Not long after that weekend Dad moved out. I debated with myself. A friend of mine in the Baltimore area, an expert in gathering cyber-intelligence, offered to answer the questions I couldn’t bring myself to ask my dad. The child in me was torn between wanting answers and needing to preserve memories. Mom, on the other hand, wanted to continue the mission of finding out whatever it was that would close the case on her heart.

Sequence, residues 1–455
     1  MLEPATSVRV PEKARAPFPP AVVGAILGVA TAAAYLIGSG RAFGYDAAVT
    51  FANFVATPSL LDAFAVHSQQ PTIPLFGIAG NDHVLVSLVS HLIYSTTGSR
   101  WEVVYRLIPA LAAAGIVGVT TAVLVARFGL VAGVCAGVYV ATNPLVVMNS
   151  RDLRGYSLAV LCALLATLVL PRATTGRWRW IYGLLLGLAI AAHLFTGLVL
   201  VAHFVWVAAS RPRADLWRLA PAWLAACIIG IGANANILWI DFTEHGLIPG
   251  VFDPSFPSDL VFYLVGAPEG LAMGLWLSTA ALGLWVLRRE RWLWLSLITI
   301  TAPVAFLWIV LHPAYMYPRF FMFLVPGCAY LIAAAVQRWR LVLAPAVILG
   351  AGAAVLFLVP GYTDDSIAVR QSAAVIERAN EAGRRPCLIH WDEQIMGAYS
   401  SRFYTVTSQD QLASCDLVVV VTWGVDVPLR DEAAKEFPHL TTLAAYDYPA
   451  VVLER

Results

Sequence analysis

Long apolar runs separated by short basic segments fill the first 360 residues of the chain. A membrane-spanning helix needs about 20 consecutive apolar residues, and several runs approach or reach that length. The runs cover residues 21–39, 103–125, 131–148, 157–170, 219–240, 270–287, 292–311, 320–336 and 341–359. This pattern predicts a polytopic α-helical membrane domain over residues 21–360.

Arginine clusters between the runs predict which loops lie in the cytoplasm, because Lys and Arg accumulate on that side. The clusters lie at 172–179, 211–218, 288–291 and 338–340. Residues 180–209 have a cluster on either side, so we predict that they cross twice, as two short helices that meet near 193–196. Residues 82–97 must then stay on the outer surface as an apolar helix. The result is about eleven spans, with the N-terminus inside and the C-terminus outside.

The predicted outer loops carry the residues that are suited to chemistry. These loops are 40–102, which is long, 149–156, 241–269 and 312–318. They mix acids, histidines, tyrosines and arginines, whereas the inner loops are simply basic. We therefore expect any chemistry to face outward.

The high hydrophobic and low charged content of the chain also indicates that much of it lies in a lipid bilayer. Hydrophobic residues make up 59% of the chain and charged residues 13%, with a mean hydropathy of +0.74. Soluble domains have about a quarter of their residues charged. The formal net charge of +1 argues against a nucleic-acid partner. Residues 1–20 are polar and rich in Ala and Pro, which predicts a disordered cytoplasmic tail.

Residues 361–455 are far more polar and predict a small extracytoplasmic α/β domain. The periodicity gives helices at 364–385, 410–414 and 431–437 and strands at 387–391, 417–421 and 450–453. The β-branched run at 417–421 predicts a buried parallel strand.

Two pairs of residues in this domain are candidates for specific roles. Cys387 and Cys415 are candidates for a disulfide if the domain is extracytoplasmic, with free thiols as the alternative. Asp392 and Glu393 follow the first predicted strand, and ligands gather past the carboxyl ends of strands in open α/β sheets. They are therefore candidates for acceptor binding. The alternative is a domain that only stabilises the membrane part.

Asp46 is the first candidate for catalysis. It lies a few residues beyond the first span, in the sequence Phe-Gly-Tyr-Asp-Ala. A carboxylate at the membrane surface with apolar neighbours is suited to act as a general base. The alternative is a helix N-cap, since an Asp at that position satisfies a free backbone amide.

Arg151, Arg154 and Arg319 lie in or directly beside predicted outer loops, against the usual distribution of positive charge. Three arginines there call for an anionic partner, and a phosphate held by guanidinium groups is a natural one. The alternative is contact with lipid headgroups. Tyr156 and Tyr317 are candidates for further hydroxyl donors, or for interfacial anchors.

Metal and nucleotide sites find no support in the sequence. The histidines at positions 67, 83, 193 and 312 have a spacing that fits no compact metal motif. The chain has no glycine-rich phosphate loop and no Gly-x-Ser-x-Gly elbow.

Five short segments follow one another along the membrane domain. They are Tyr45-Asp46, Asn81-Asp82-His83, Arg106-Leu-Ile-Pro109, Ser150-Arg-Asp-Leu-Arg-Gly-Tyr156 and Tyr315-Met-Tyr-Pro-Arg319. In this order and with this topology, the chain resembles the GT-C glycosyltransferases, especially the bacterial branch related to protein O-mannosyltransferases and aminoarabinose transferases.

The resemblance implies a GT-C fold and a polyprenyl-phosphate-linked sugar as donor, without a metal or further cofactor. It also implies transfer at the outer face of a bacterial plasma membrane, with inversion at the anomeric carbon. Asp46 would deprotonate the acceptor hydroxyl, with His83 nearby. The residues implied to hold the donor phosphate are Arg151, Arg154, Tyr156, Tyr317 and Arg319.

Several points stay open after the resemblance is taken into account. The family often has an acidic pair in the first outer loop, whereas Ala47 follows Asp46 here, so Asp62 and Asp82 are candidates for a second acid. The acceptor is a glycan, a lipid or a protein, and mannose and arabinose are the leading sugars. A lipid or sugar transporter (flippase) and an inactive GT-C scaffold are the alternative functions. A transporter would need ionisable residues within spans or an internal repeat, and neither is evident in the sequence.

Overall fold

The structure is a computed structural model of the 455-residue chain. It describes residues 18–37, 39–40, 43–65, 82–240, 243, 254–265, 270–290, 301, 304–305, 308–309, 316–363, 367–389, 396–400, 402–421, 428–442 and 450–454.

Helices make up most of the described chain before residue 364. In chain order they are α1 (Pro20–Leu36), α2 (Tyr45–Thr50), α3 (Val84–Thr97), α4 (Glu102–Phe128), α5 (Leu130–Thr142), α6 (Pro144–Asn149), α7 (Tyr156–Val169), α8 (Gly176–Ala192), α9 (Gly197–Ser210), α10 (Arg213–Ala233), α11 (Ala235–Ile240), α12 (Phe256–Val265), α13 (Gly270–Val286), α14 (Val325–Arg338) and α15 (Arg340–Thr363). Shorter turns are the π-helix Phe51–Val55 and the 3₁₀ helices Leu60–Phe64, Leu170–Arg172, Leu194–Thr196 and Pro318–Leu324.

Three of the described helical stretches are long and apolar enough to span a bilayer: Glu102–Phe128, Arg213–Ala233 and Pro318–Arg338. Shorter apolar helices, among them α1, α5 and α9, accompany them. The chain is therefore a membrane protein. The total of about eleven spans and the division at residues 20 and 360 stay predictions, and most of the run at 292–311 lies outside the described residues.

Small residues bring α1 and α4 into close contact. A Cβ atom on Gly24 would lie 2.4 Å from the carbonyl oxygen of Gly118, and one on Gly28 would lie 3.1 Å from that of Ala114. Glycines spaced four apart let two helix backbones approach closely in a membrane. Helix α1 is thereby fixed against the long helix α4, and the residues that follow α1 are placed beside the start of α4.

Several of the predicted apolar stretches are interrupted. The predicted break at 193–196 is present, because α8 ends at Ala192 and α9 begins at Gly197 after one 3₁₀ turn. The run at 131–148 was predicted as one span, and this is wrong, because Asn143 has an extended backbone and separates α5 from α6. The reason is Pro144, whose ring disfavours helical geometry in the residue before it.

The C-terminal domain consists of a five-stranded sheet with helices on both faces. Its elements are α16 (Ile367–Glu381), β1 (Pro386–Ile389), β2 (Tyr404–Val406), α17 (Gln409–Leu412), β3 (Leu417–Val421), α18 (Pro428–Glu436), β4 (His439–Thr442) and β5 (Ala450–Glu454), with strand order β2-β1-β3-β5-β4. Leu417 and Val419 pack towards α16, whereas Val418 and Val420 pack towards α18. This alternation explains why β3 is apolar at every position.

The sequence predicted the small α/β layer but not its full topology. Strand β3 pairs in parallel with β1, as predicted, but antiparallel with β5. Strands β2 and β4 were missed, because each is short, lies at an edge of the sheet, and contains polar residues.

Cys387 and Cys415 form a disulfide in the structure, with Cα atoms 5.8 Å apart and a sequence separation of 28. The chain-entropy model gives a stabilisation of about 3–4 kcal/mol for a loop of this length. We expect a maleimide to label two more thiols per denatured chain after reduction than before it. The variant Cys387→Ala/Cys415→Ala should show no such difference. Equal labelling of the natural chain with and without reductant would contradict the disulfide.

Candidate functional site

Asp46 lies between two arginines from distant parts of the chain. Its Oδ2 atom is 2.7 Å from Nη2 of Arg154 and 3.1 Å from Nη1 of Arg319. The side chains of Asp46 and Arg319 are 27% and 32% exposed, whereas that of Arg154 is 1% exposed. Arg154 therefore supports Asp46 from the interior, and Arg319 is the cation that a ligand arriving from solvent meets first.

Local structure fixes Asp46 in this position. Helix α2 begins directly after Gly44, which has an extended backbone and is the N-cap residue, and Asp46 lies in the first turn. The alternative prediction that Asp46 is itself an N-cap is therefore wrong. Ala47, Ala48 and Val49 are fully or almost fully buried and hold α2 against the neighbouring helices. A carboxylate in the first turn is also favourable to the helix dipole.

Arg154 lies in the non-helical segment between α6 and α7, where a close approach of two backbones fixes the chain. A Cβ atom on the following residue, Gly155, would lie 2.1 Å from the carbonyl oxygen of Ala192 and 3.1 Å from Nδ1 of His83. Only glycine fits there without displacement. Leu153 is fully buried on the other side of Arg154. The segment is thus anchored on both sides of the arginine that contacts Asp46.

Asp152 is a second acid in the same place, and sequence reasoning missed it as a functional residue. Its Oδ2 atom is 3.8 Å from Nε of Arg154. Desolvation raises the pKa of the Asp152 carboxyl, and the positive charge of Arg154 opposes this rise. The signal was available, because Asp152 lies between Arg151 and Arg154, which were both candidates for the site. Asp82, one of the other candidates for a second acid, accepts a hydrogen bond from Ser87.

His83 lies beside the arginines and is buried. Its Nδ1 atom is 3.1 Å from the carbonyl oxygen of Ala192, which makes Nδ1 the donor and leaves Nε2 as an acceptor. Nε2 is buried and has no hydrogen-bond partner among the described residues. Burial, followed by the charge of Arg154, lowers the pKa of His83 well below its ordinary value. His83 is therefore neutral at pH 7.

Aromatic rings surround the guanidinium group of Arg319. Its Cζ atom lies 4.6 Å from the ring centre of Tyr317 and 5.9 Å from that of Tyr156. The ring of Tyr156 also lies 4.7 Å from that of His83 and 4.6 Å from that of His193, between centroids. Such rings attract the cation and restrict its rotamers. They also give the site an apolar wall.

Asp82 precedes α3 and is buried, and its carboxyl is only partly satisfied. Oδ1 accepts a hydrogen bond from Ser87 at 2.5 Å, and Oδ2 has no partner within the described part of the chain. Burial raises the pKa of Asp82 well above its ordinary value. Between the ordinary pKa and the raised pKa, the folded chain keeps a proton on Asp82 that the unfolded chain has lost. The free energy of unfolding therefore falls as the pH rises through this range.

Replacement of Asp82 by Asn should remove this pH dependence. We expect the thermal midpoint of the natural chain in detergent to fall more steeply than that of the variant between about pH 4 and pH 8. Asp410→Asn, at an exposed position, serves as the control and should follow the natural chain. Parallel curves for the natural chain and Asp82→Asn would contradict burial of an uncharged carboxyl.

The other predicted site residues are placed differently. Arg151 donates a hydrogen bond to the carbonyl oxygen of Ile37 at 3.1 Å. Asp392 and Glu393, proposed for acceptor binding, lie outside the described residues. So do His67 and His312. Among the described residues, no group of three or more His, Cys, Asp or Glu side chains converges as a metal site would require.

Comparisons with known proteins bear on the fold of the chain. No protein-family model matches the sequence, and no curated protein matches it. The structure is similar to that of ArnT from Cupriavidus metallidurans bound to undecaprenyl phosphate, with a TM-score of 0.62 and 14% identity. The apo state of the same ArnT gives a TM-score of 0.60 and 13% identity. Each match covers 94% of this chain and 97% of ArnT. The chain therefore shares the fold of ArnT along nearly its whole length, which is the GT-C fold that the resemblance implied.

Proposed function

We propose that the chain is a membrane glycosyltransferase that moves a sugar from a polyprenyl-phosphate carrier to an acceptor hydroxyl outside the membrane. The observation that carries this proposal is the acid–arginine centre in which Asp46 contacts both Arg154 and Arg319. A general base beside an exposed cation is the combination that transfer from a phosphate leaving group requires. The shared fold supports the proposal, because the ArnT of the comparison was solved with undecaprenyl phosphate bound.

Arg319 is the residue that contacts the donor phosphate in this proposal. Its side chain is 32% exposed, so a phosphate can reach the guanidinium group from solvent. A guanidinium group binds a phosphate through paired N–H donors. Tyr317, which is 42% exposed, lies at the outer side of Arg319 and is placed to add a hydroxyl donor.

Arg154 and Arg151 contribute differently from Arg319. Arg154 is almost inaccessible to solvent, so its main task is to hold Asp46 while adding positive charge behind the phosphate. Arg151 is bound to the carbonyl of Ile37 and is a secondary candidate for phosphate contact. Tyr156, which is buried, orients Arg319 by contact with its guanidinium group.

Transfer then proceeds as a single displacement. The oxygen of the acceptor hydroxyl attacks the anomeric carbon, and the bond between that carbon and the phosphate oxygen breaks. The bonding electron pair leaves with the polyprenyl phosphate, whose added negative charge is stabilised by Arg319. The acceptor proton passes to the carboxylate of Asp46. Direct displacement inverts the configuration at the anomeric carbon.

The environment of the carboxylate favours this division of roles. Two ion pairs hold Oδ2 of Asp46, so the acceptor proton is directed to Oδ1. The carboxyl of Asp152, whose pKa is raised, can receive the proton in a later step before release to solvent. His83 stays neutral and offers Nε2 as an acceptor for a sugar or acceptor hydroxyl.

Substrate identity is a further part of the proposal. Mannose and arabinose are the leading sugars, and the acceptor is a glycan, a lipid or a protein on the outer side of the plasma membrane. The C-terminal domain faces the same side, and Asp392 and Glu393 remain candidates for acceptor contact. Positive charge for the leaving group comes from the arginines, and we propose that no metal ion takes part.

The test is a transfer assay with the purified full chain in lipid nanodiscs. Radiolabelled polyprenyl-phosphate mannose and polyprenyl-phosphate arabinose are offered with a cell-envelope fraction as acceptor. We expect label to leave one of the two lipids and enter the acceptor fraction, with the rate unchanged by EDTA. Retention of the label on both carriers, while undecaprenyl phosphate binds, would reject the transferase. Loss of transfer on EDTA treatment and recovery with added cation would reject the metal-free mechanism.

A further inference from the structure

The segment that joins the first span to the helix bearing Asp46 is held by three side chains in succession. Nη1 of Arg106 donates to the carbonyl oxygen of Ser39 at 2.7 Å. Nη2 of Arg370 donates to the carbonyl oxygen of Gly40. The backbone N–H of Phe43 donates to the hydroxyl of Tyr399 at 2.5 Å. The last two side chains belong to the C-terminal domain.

So here we are, my husband and I have returned to Kentucky, where we are circling my dad’s block in a rental car. Mom flat as a train-pressed penny on the floorboard. Ducking from the foreign van parked at his new house. I blink to be sure. But there it is in plain view: Car on Dad’s Curb.
“You should knock on the door,” Mom advises, propping her arm on the center console. “She doesn’t know y’all.”
My husband swears he sees a curtain move in the upstairs window. Dad’s new home is a two-story colonial that sits on a hill. The cobbled walkway winds and climbs to his front door. I think I’ve come as close as I can.